Unusual Voting Activity in the Official Rock and Roll Hall of Fame Fan Poll
To get a sense of how real fans vote (this is the 10th year of our poll!), let’s look at some vote distributions from various internet polls where you can cast a ballot for multiple artists (all results as of 10/14/2015).
First, the Future Rock Legends poll (5100 total votes, must vote for five artists):
Next, the Cleveland.com poll (7277 total votes, can vote for up to eight artists):
The Pittsburgh Post-Gazette Poll (4920 total votes, can vote for up to six artists):
And finally, the official Rock and Roll Hall of Fame Fan Poll (over 158 million total “votes,” can vote for up to five artists):
Rock Hall Museum President Greg Harris was touting last year’s record 59 million votes in the fan poll, which took two months. This year, they shattered that record in less than 48 hours, but examining the results, it’s not hard to wonder if there aren’t non-human hands at work. The Rock Hall failed once again to publish any rules about the poll, just urging people to “vote often.” Unfortunately, the one poll that is the easiest to game is the one that counts.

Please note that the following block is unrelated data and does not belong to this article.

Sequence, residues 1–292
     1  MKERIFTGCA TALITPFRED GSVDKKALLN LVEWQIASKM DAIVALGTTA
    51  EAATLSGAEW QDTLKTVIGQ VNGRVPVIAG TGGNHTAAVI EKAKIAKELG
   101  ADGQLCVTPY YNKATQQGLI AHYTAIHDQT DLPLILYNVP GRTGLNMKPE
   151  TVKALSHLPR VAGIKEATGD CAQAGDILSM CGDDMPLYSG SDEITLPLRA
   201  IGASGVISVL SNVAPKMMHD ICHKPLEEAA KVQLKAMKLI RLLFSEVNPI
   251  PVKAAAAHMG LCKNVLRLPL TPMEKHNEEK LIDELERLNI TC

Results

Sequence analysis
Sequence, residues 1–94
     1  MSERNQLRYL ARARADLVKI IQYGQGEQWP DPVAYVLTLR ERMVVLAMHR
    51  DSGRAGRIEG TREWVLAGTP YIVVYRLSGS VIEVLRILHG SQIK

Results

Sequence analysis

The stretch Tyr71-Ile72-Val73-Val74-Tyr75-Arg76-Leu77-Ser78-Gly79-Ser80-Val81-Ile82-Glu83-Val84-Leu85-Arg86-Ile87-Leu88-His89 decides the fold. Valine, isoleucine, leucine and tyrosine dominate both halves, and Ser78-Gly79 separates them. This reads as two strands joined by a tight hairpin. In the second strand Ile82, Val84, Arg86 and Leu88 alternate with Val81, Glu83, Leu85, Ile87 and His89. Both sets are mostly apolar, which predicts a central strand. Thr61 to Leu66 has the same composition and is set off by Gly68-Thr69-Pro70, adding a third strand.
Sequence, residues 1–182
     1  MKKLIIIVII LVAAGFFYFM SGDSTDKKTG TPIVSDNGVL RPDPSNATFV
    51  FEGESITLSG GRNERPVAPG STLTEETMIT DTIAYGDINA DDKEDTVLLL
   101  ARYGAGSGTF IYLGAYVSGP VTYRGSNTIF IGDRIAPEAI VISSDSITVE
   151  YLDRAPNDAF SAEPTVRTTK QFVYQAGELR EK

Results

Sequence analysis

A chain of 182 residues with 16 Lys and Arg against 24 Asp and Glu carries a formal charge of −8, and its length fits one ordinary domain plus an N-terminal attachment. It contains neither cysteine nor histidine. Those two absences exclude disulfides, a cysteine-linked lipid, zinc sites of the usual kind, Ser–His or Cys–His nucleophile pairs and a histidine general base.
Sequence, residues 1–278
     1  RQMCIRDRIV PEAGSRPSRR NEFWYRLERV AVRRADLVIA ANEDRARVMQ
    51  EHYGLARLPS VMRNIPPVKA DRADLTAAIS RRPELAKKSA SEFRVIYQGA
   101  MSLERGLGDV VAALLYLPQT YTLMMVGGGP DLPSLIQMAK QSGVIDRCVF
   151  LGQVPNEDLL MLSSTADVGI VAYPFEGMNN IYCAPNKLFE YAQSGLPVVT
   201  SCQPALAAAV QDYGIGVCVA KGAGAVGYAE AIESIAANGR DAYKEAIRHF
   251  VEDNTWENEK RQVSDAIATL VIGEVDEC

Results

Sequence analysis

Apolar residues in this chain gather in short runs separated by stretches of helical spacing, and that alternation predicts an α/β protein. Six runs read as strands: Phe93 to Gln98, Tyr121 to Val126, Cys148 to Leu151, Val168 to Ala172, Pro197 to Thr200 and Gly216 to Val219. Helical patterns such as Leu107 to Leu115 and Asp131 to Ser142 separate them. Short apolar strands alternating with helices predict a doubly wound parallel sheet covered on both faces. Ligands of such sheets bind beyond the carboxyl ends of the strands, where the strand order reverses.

One of the reasons this is so outrageous is that there are a lot of real fans of the nominated artists who are spending a lot of time voting and urging others to vote. But they can’t compete with scripts that can cast one million votes per hour.
The Rock Hall needs to remove this poll, scrap the results, and replace it with one that is fair and secure. The first two years of the fan poll, the Rock Hall enlisted online poll professionals PollDaddy to host the poll. Beginning last year, they took the poll into their own hands which has led to nothing but erratic results (last year, Nine Inch Nails received 22% of the vote; this year, just 0.3%, which is strange to say the least).
Let’s also not forget that the lack of rules with the fan poll is symptomatic of the induction process in general. The Rock and Roll Hall of Fame is the only major award that doesn’t use an independent accounting firm to tally the results from their voters.